Grandma flew Spitfires is the only exhibition in the world dedicated solely to the Air Transport Auxiliary (ATA), one of the forgotten stories of World War II. Our archive of photographs, documents, pilots’ logbooks and interviews with veterans is one of the largest anywhere, and has been digitised for ease of access by visitors.
The exhibition is also home to a fabulous Spitfire simulator!
Your visit to “Grandma Flew Spitfires” begins with a short introductory film before you move upstairs past photographs of some of the amazing men and women who made ATA such a success.
Our gallery has been packed with uniforms, flying equipment, navigation equipment and ATA memorabilia. Displays explain how ATA pilots came from 25 different countries, how they managed to fly so many different planes and how they flew all over Britain in a single day. Pilots’ log books are on display together with more than 150 photographs, and you can listen to recordings of ATA aircrew telling their own stories. If you want to explore ATA in more depth, computer terminals give access to filmed interviews, log books and historic photographs from the museum’s archive.
The large ATA collection includes:
- Over 130 pilot (male and female) and flight engineer log books, including those of Mary Ellis, who died in July 2018 aged 101.
- Hundreds of photographs, many from private collections
- Uniforms and flying clothing, including ladies uniforms worn by Ann Wood (USA), Mary Ellis and Joy Lofthouse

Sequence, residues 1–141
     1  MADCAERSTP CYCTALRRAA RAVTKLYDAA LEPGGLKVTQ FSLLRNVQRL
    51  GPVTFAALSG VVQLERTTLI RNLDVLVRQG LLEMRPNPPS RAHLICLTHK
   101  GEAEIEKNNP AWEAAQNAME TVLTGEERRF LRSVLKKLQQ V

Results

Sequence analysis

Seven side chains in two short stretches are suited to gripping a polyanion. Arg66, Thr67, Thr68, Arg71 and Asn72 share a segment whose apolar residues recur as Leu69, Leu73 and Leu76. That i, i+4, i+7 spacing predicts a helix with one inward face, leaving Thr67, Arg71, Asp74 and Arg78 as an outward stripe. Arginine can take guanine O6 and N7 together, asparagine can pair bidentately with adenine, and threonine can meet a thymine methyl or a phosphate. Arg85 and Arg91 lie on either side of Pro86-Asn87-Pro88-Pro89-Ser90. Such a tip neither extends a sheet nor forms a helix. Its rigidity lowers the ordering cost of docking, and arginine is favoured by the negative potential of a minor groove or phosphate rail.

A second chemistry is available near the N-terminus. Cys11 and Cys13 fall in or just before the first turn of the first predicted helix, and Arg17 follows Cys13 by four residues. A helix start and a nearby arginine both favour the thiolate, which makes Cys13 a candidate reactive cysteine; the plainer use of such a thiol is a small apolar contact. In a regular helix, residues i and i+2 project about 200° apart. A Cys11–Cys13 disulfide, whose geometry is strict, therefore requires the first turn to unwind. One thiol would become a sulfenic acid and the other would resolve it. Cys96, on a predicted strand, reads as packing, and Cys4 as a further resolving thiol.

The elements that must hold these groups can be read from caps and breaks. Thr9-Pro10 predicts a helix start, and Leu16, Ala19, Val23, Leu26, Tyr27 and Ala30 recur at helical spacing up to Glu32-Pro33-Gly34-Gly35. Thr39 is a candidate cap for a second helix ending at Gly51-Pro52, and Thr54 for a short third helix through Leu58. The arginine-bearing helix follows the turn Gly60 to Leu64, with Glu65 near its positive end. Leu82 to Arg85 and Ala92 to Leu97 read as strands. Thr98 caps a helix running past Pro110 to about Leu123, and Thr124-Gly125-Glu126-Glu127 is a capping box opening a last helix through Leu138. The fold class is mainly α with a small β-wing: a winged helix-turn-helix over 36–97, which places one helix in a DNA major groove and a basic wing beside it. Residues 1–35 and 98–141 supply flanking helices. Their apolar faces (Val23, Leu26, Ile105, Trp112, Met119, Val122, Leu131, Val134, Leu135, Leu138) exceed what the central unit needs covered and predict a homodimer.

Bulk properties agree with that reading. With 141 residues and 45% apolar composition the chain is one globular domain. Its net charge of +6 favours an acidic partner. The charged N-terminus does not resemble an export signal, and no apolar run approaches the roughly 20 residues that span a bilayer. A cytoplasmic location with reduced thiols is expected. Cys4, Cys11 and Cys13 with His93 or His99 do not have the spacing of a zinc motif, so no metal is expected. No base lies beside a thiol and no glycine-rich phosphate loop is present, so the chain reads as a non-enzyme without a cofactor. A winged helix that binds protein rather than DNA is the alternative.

- Navigation equipment
- Personal diaries and letters
- Maps used by ATA pilots
- Aircraft delivery chits
- Official documents
- A complete list of all ATA employees – there were over 7000!
- Newspaper, magazine articles and obituaries
It is intended to make the ATA collection catalogue and certain documents available on-line.
The Air Transport Auxiliary exhibition and archive (nicknamed “Grandma Flew Spitfires”) tells a forgotten story of courage, skill and sacrifice. 70 years on, it is difficult to believe that Britain was so desperate that the amateur pilots of Air Transport Auxiliary (men and women), were employed to fly dozens of different types of war planes between factories and front line squadrons. But it is true, as you will discover when you visit the Maidenhead Heritage Centre.
Why is the ATA exhibition & archive in Maidenhead? Because Air Transport Auxiliary’s headquarters airfield was at White Waltham, just 2 miles from Maidenhead Heritage Centre, which owns one of the largest collections of ATA memorabilia and records anywhere in the world. This Air Transport Auxiliary collection is on permanent display. Come and discover the inspiring story of ordinary men and women who achieved extraordinary things.
We are a voluntary-run charitable museum with no financial help from the government. The huge investment in the Grandma Flew Spitfires project means that we have to make a modest charge for visits.
There is an admission charge in addition to the Spitfire Flight cost. Tickets are valid for a whole year and give you access to the ATA museum & the Grandma Flew Spitfires exhibition.
ATA admission charge:
- Adults £3.50
- Concessions £3.00
- Children (aged 10-16) £2.00
- Children under 10 FREE
- Friends of Maidenhead Heritage Centre FREE
Spitfire flights cost:
- 15 minutes flight: £10.00
- 30 minutes flight: £20.00
Group bookings available
We are delighted to welcome pre-booked visits from families, corporate groups, clubs and schools. Please contact us for details.
Did you know?
Did you know that you could fly a Spitfire simulator? Just like the intrepid men and women of ATA. The Spitfire simulator is located in the Grandma Flew Spitfires gallery.